Thursday, February 28, 2013

There's Something Real Bad Goin' Wrong Somewhere

So speaking of Gary 'U.S.' Bonds...

That last post and this one feature songs from his second 1980s comeback album On the Line. Bonds, who in the early 60s had hits with "New Orleans", "Dear Lady Twist" and of course the seminal "Quarter to Three" had by the late 70s fallen on hard times. The story goes that Steve Van Zandt, either on his own or in the company of the Boss, happened upon Bonds performing in some dismal hotel lounge or some such venue, and offered to write and produce a new album of material for him. That album became Dedication. Bonds's songs loomed large in the E Street oeuvre, especially "Quarter to Three", which had for years been the group's closing number, so it was no casual offer, and the E Streeters treated Bonds with great love and respect, both musically and otherwise. As a band, they were at their very best.

Both Bruce-produced albums sold fairly well, especially Dedication, which charted at #s 11 and 5 on the pop and rock charts, respectively. The record featured some great, robust rock 'n' roll, mostly Bruce's frat-rock, party-style songs like "This Little Girl", but also included Little Steven's "Daddy's Come Home" and, weirdly, the Beatles' "It's Only Love", Jackson Browne's "The Pretender" and Dylan's "From A Buick 6". On the Line was more of the same, but a bit more consistent and a little more serious. The album's standout is its de facto title track, "Love's On the Line", composed by Bruce, and it is not only the best song on both albums, it is one of the finest songs Springsteen ever wrote. He wrote it while still in his early thirties, a few years before his quickie marriage to a supermodel, but the song is narrated by a middle-aged, worn-out husband, weary and fearful, who is trying desperately to find what went wrong with his marriage and save it, if he can.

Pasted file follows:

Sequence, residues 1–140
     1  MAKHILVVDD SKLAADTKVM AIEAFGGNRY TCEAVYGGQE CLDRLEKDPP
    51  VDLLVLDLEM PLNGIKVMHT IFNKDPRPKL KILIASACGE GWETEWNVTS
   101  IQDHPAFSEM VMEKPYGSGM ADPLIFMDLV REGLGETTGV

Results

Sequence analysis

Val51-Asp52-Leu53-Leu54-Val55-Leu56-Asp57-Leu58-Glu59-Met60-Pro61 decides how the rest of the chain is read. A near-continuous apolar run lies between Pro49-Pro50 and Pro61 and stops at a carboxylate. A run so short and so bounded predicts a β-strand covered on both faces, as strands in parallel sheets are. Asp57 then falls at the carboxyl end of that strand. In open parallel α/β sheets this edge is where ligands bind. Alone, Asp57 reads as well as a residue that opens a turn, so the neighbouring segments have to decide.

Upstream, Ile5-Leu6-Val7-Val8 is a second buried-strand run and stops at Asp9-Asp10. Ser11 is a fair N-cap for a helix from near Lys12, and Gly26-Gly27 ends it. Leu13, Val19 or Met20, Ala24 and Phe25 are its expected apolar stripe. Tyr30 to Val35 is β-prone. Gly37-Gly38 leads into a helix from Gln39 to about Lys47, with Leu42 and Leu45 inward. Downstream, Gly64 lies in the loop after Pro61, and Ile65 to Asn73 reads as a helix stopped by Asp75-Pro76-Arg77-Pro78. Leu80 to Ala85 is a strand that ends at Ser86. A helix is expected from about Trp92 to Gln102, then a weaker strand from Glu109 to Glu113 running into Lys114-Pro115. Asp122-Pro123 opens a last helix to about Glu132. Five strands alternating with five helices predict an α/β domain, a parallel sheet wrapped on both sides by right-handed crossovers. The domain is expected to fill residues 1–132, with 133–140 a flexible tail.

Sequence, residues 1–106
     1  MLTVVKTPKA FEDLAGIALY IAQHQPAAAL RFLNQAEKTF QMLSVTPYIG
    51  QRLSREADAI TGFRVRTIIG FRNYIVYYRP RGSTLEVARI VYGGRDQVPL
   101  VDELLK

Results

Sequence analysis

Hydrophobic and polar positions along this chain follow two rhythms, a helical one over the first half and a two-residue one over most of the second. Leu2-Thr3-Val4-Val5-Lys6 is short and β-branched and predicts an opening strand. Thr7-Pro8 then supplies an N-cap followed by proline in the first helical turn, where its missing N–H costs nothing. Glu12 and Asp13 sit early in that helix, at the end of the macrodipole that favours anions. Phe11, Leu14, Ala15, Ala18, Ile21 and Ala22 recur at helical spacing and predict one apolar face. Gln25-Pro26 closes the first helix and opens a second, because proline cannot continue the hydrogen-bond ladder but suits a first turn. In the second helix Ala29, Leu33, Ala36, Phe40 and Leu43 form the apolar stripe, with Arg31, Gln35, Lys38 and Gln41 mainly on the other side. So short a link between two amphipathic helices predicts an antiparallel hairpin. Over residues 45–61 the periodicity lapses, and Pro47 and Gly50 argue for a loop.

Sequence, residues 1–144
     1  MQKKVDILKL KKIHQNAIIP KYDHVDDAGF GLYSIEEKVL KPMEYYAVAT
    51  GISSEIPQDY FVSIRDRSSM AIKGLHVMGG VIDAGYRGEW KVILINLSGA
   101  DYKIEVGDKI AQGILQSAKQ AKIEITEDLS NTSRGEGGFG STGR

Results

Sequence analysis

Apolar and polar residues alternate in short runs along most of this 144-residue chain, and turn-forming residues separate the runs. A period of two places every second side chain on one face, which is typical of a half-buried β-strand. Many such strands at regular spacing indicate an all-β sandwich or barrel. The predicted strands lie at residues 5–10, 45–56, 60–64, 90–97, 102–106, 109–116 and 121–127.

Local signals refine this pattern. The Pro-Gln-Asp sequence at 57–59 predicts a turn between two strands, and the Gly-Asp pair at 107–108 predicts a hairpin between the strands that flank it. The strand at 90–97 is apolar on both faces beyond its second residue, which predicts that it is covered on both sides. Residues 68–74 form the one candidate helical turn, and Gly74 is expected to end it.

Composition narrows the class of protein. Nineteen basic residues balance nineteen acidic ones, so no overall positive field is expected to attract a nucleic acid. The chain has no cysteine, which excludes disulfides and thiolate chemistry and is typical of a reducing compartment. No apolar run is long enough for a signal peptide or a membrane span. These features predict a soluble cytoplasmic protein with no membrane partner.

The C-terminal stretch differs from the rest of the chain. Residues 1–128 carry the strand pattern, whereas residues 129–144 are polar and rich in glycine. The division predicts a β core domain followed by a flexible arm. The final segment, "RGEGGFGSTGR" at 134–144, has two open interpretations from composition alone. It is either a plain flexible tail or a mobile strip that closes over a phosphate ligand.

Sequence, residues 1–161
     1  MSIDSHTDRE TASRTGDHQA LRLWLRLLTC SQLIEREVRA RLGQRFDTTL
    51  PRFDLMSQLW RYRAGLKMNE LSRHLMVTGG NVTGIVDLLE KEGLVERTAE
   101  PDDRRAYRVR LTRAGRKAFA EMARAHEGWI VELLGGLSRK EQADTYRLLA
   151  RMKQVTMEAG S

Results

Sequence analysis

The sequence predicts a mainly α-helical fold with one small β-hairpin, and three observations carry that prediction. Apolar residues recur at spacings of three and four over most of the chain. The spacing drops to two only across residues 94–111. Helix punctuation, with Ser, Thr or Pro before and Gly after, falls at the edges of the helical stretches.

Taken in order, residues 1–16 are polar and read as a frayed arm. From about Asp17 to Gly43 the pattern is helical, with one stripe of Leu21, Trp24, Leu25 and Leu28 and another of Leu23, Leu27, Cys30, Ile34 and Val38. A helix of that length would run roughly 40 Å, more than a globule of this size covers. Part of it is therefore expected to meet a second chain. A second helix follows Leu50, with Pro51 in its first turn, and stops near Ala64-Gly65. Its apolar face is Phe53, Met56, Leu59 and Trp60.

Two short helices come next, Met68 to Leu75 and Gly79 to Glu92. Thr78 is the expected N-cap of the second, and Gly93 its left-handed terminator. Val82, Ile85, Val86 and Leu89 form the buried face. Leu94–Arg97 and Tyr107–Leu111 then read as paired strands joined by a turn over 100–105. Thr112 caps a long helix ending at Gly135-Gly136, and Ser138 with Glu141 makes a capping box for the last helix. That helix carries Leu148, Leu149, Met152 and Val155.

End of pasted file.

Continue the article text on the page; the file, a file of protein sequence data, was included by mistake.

With each passing day
I gotta watch more and more what I say to you
I can feel your eyes looking through me
As I sit at the table at dinnertime
I can feel our love's on the line

I watch our kids
Growin' up, going to school
Is there anything else for us now
Are we both just fools
Wasting our precious time

Bruce may have written those lines, but he could not have sung them convincingly. (He could now, sure. But not back then.) Bonds' voice is perfect for the role -- you can hear the wheeze of age, and maybe whiskey and cigarettes, but mostly the aching pain of a man who is now realizing that things don't always go the way you think they will. "Last night I heard you cry," he bellows, heartbroken, as the song rises towards the final chorus, "and I know our love's on the line." Behind him you can hear Bruce singing "love's on the line, our love's on the line", offering a comforting chorus of support, and his and Bonds' voices blend superbly. What tops that however is Clarence Clemons' warm, soaring, belting sax solo, the song's only hopeful spot, turning the mundane trouble of a disintegrating marriage into something epic and almost operatic. The song clocks in at 3:38, but I am very often in tears but the end of the first minute. There aren't many beautiful songs about middle-aged, married couples in trouble, but this is one of 'em, and it is the king.

1 comment:

  1. I do like this very much, but the one that still reduces me to hiding my face and crying every time is "One Step Up And Two Steps Back". That told the story of my first marriage, the story of my next significant relationship and now it's...well, it's not done with me, that song.

    What made me cry here was the Clemons solo. God, what a beautiful musician...and now he's gone.